84. Addicted to danger.

By Peter Fraenkel

On my very first visit to Paris I called on Zernick, a cousin of my uncle Friedrich.  I found him fascinating – a tall stout man with a fund of stories about working in the French Resistance against the German occupiers. He was a German Jew and many of his family had been murdered by the Nazis so he had been highly motivated. I do, however, have to admit I found some of his tales improbable. But they were well-told and exciting.

We conversed in German.  He spoke no English and, at that time, I had no French.

Zernik took me to a restaurant in the Bois de Boulogne. Usually I do not remember what I ate the day before but I still remember that meal over 60 years later. We still had rationing in England, but not in France. The fillet steak was memorably good and the meal ended with delicious wild strawberries and cream. Then he took me to meet his wife in their apartment in the elegant 16th arrondisement. We climbed the stairs in silence. He had asked me not to speak German. The neighbours did not know his antecedents and he wanted to keep it that way.

In his apartment – framed on the wall – were newspaper cuttings showing him being decorated by General de Gaulle in person.  Next to it hung that well-known a photo of de Gaulle, very tall and very upright, marching down the Champs Elisée while bullets, fired by Vichy supporters, whistled over them. In the ranks behind the general marched Zernik himself, a little younger and a lot thinner but undoubtedly Zernik. I felt ashamed to have doubted his tales. He told me he had also been granted French nationality that very week.

Yes, he had spent the last year of the war smuggling ammunition into Paris to prepare for an uprising. De Gaulle hoped to see Paris liberated by Frenchmen, not by British or American troops. Zernik had carried in ammunition belts for machine guns, wrapped around his body, under his clothes.

“Once,” he told me, “we must have wrapped that ammunition belt around me too tightly. It was a hot day. As I approached a German checkpoint I thought if this takes much longer I’ll faint and if they open my jacket and see what I’m carrying  –  well, that’ll be the end. What to do? I had to act promptly. Fortunately I speak German. I was coming up to the checkpoint but there were three or four others ahead of me in the queue. I started bawling like a Prussian sergeant-major. In German, of course.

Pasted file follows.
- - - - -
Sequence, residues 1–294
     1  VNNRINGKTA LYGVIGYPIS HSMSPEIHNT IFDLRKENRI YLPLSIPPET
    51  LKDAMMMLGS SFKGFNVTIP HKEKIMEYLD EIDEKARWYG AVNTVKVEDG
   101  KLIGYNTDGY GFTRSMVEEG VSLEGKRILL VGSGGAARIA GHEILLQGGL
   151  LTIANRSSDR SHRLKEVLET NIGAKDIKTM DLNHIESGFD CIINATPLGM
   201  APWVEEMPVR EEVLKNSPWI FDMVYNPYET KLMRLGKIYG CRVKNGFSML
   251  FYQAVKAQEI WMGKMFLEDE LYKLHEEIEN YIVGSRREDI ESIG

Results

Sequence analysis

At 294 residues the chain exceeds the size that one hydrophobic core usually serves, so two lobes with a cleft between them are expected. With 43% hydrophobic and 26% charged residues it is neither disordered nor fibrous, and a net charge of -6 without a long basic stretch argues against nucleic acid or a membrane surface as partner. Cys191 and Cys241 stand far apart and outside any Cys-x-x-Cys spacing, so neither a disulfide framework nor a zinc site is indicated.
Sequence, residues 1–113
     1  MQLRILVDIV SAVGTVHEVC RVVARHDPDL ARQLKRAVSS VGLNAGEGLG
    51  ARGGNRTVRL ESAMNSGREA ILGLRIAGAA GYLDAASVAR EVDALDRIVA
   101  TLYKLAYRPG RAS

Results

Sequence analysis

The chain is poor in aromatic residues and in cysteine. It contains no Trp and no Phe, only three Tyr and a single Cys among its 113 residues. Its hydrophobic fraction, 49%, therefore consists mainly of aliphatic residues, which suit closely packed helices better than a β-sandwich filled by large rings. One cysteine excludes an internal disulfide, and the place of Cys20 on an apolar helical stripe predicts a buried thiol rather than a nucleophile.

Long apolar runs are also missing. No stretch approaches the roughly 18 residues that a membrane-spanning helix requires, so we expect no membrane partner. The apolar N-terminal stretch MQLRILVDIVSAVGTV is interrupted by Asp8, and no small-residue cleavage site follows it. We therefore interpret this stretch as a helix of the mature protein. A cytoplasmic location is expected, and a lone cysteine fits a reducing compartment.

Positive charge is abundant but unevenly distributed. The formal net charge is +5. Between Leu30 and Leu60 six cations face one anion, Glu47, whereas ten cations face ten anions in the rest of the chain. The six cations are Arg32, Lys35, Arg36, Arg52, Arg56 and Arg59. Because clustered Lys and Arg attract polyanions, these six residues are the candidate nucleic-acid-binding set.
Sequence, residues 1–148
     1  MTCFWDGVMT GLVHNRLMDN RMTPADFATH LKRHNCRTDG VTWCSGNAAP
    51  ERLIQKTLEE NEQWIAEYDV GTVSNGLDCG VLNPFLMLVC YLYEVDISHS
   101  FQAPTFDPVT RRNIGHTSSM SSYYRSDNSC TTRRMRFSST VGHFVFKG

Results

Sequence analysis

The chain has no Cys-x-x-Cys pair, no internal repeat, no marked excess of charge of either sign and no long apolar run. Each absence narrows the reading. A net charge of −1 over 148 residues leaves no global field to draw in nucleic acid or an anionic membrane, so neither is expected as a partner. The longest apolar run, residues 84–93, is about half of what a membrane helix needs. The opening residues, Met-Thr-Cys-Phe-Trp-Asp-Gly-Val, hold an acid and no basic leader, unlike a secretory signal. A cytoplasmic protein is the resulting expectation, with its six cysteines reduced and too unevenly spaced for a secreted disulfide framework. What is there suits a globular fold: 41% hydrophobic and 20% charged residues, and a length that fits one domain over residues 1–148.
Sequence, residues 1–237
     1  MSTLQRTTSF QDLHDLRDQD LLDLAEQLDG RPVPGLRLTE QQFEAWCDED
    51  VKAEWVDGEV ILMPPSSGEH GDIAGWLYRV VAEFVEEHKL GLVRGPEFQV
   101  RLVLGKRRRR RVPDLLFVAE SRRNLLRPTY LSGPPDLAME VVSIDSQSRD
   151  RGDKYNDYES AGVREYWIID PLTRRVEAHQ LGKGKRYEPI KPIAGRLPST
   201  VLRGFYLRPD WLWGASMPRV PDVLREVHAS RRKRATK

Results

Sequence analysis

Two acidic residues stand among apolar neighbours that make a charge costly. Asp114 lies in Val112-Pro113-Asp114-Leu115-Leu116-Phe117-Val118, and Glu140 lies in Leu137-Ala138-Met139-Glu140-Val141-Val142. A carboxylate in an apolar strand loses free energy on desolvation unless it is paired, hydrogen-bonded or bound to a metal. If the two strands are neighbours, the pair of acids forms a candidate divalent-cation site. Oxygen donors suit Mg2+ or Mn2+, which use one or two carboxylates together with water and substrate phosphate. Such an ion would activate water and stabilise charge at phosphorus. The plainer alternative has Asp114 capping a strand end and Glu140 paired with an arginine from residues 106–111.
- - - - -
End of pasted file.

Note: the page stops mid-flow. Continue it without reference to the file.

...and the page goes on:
“What’s all this bloody dithering?  The Fuehrer wants alert fellows -fighters, not dozy sluggards. I’ll have you all posted to the Russian front,the lot of you. Yes, I bloody well will!”  I was in civvies but I hope they thought this was an officer on a secret mission.  They clicked their heels, saluted and ushered me through ahead of the others.  Kadavergehorsam, you know.”

It was a term I’d not heard before – cadaver obedience. “Where does that come from?” I asked him.

“No idea. Perhaps German corpses jump to attention when an officer comes past their coffin?”

“Terrible times you lived through”, I said.

“No!” he protested. “Not at all. Great times. It was great pitting my wits against all those boche  ... and their thousand year Reich!  Life has been duller since then.  Mind you, even today one can still have a bit of fun. These days I import furniture and toys from Eastern Europe. I travel to Poland regularly.  Most Western businessmen are shit-scared and will not go across that ‘Iron Curtain’, as they call it. So I don’t have too much competition. And the Poles? They’ve fired their most experienced businessmen. Some were Jews, others were politically suspect. Some were both. The new lot are party hacks with no idea of business. That’s o.k. with me. I’m doing very well, thank you.”

Later he expanded on this: “I used to work to a small profit margin. Too small, I thought. So I had a leaflet printed advertising furniture, very similar furniture, from Czechoslovakia but offered at a lower price. I showed it to the Poles. “I’m afraid I’ll have to give up dealing with you.”  They soon brought down their prices! It scared my wife stiff,” he laughed “but it improved my profit margin.”

His elegant apartment in the 16th arrondisement seemed to prove his point.

But perhaps the stress of his risk-taking became his undoing in the end. A year or two later my cousin Patrick came to Paris hoping to visit his father’s cousin. He was met at the airport by another Zernick relative with the news that the day before the resistance hero had collapsed with a stroke. A funeral was being organised.